Loggers in Minnesota have turned a fight over access to timberland into a question of church and state.

Environmentalism faces an interesting new test.

Loggers in Minnesota have turned a fight over access to timberland into a question of church and state.

They have filed a court action claiming that the US Forest Service submitted to a philosophy amounting to religion when it supported environmentalist efforts to limit logging.

Their lawsuit asserts that two groups in particular, the Superior Wilderness Action Network and the Forest Guardians, adhere to deep ecology, which views the natural world as sacred.

By supporting the groups, the loggers argue, the Forest Service has favored one religion over another in violation of the doctrine of separation of church and state.

The loggers, represented by Associated Contract Loggers of Tower, Minn., asked the court to force the Forest Service to quit limiting access to timberland until the groups prove they're acting for other than religious reasons.

The environmental groups deny their beliefs amount to a religion. They and the Forest Service want the court to dismiss the case for lack of merit.

It sounds, frankly, like a case destined not to travel very far through the judicial system.

A simple denial by people that they are acting on religious grounds is probably sufficient to establish that they are not.

Even in antiquity, all that religious persecutors usually wanted from their victims was denial of religious belief. In fact, it was the refusal to make such denials that history records as consummate-and usually dangerous-religious behavior.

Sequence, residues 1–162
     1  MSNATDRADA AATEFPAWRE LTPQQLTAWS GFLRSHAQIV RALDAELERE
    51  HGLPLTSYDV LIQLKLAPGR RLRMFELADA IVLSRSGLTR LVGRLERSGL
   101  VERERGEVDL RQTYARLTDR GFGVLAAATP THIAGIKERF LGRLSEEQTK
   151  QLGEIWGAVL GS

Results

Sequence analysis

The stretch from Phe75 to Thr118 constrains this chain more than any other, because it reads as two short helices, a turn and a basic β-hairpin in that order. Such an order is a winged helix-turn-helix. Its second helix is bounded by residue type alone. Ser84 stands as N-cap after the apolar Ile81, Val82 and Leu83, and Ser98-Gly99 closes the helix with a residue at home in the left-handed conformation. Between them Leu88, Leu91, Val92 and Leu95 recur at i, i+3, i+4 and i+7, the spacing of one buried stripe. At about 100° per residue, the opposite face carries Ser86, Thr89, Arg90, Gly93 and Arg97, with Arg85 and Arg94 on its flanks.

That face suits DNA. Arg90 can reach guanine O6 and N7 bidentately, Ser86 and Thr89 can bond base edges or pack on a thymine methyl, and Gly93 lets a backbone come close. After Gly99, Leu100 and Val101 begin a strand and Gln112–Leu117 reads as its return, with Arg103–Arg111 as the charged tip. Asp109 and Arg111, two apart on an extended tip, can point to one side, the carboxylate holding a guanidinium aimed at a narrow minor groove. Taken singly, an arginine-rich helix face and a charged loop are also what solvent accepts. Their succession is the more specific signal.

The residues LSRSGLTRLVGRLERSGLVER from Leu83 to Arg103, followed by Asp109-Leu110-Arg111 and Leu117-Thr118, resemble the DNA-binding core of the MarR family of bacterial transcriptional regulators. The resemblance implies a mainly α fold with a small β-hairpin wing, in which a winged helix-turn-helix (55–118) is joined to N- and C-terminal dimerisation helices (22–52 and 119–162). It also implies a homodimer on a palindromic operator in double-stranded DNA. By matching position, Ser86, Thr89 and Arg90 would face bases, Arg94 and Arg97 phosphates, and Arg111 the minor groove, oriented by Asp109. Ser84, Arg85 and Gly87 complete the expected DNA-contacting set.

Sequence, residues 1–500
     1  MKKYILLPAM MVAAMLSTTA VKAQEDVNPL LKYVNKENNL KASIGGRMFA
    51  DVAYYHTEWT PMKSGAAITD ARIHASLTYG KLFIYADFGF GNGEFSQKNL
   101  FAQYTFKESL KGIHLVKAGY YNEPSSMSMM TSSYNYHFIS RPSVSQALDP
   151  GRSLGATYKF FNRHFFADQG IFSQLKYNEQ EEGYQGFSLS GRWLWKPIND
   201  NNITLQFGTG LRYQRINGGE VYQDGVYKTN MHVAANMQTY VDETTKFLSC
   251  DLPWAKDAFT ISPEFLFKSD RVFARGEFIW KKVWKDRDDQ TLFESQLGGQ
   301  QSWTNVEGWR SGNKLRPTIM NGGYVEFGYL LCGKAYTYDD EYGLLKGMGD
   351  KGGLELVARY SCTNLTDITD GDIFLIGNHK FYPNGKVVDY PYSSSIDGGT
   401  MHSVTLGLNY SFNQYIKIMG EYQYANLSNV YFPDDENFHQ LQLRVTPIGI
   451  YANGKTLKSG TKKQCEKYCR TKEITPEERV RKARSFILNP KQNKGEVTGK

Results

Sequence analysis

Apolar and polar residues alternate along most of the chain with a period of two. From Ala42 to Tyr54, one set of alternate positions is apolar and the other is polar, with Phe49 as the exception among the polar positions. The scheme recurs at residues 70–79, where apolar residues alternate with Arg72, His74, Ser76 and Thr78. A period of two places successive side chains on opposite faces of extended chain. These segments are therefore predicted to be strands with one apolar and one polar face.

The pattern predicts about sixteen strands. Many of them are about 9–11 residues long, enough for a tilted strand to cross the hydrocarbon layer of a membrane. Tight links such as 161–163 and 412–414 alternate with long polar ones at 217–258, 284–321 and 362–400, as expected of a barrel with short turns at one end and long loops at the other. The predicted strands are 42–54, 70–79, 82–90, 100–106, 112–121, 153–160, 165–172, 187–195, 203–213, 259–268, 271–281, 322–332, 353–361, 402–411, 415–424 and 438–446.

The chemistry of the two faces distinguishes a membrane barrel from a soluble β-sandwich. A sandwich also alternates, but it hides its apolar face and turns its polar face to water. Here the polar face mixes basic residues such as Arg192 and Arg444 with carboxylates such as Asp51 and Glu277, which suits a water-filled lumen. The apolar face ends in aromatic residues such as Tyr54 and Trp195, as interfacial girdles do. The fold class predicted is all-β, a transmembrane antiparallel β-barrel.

So if mere denial was good enough for the persecutors of yesteryear, it will probably turn out to be plenty for the enlightened jurists of today.

The question, however, is on the table. And the oil and gas industry should applaud those Minnesota lumberjacks for putting it there.

Is extreme environmentalism a religion or not?

Environmentalist extremists-even some middle-of-the-roaders-argue their positions on issues as though they were moral imperatives. They treat opposition as unrighteous. They assert a system of values that cannot be compromised. Many of them give their lives over to activism on behalf of environmental causes.

Their political agenda and behavior resonate with nature worship. They even have an incarnation of evil. It is people, the inescapable effects of which environmentalists would like to erase from nature.

No matter what the practitioners say, and no matter how the court rules in the logging case, environmentalism is indeed a religion. It has been one, a growing and increasingly powerful one, for a couple of decades.

This is the reason that environmental issues receive such poor consideration in politics. Many politicians would no sooner challenge environmentalists than they would the Pope. It is the reason that Greenpeace hooligans receive so little of the punishment they deserve for the unlawful and often dangerous stunts they perform for publicity.

So the loggers in Minnesota, by calling environmentalism what it is, have performed an important service. They have helped shove environmental discourse toward a plane more rational than the unassailable one it occupies now.

They have, in other words, asked environmentalism to come down from the mountain, join the other secular values that do, indeed, exist and that are frequently just as important as saving trees and fighting air pollution, and to begin, at last, to grow up.

More in Home